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Acute compartment syndrome

Definition
ACS is a serious condition characterized by increased pressure within a closed anatomical space, such as a limb compartment.
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Pathophysiology
The pathophysiology of ACS involves two primary mechanisms. First, the elevated pressure within the compartment can reduce tissue perfusion, leading to ischemia and potential tissue necrosis. Second, the increased pressure can compress nerves, blood vessels, and muscles within the compartment, leading to dysfunction and potential damage.
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Epidemiology
The incidence of ACS ranges from 1 to 7.3 per 100,000 person-years.
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Disease course
Clinically, ACS presents with a constellation of symptoms. These include pain that is out of proportion to the injury, pain on passive stretching of the muscles within the involved compartment, paresthesia, paralysis, and pallor. Complications include nerve damage, muscle dysfunction, and the development of secondary conditions like rhabdomyolysis and AKI.
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Prognosis and risk of recurrence
The prognosis is largely dependent on the timing of diagnosis and intervention. Early diagnosis and prompt surgical decompression, are known to be the best determinants of good outcomes. Delayed recognition and treatment can lead to serious complications, including permanent muscle and nerve damage, limb loss, and even death.
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Key sources
The following summarized guidelines for the evaluation and management of acute compartment syndrome are prepared by our editorial team based on guidelines from the Association of Anaesthetists of Great Britain and Ireland (AAGBI 2021), the American Academy of Orthopaedic Surgeons (AAOS 2020), the British Orthopaedic Association (BOA 2014), and the Acute Limb Compartment Syndrome Working Group (ALCS-WG 2010).
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Guidelines

1.Diagnostic investigations

Indications for assessment
As per AAGBI 2021 guidelines:
Identify patients at risk of ACS on admission to the hospital or at the time of surgery.
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Obtain post-injury and postoperative ward observations and surveillance to identify signs and symptoms of ACS. Use objective scoring charts for ACS identification.
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  • Clinical examination

  • Serum biomarkers

  • Urine biomarkers

  • Other diagnostic modalities

2.Diagnostic procedures

Intracompartmental pressure measurement: as per AAOS 2020 guidelines, consider obtaining intracompartmental pressure monitoring to assist in diagnosing ACS.
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3.Medical management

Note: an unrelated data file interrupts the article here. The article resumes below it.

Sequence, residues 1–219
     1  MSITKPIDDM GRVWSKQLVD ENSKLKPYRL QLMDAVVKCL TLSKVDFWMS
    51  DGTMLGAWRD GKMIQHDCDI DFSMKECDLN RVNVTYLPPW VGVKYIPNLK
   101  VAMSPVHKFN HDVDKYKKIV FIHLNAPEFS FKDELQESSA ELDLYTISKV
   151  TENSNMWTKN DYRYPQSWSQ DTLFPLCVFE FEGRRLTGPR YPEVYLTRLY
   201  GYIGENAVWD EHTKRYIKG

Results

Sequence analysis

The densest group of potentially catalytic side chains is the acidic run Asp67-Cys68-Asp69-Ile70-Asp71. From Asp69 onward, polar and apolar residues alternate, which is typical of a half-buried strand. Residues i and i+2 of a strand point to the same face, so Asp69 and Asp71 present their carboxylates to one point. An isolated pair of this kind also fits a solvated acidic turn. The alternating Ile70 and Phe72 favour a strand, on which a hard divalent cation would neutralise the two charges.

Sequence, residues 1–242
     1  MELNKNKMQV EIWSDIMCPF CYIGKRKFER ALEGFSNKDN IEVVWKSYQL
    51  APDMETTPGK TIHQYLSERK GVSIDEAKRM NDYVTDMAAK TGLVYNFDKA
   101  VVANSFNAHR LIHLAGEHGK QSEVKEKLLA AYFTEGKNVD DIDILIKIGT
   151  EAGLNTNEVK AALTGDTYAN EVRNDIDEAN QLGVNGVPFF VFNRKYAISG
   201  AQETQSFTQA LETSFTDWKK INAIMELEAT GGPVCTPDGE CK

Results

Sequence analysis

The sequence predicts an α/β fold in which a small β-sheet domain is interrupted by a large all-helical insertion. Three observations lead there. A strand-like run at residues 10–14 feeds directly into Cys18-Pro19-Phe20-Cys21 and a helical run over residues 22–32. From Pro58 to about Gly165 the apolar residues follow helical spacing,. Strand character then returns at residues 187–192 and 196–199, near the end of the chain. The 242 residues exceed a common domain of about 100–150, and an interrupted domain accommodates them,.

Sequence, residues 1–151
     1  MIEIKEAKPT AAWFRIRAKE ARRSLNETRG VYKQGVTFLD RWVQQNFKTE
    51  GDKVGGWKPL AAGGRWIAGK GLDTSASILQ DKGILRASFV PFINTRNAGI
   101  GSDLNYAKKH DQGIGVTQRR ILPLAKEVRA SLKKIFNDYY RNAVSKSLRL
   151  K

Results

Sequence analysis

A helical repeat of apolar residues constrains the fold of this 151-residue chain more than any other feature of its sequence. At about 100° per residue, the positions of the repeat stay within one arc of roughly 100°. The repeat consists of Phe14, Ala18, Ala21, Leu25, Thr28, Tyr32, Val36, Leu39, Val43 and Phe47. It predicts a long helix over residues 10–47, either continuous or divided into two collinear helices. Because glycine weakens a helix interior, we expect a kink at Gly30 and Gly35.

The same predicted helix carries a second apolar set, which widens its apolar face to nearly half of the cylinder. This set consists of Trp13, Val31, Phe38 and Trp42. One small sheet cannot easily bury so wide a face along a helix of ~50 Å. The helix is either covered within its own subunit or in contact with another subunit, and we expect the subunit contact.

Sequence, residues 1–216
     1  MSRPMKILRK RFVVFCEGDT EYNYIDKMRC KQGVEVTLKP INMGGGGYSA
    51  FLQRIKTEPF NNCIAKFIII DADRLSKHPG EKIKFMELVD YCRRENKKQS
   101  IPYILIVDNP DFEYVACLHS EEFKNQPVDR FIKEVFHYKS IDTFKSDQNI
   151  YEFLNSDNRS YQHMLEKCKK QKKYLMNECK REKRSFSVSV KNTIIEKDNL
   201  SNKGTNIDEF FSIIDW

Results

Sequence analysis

Blood pressure control: maintain normal BP in patients with symptoms or clinical signs of acute decompression syndrome.
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4.Nonpharmacologic interventions

Removal of circumferential bandages: remove circumferential dressings and elevate the limb to heart level in all patients with symptoms or clinical signs of compartment syndrome.
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5.Therapeutic procedures

Fracture stabilization
Perform operative fixation (external or internal) for initial stabilization of long bone fractures with concomitant ACS requiring fasciotomy.
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Perform fracture stabilization using a technique (external fixation/casting) not violating the compartment in patients with evidence of irreversible intracompartmental (neuromuscular/vascular) damage.
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  • Neuraxial anesthesia

6.Surgical interventions

Indications for fasciotomy: as per AAOS 2020 guidelines, do not perform fasciotomy in adult patients with evidence of irreversible intracompartmental (neuromuscular/vascular) damage.
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More topics in this section

  • Fasciotomy technique

  • Wound care

7.Follow-up and surveillance

Surgical re-exploration: perform re-exploration at approximately 48 hours, or earlier if clinically indicated, in all patients.
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8.Quality improvement

Hospital requirements: as per AAGBI 2021 guidelines, ensure the availability of equipment for intracompartmental pressure measurement on wards caring for patients at risk of ACS. Ensure that the personnel is trained in its use and there are standard operating procedures available and implemented addressing the performance of such measurements and the urgent steps to be taken if measurements are abnormal.
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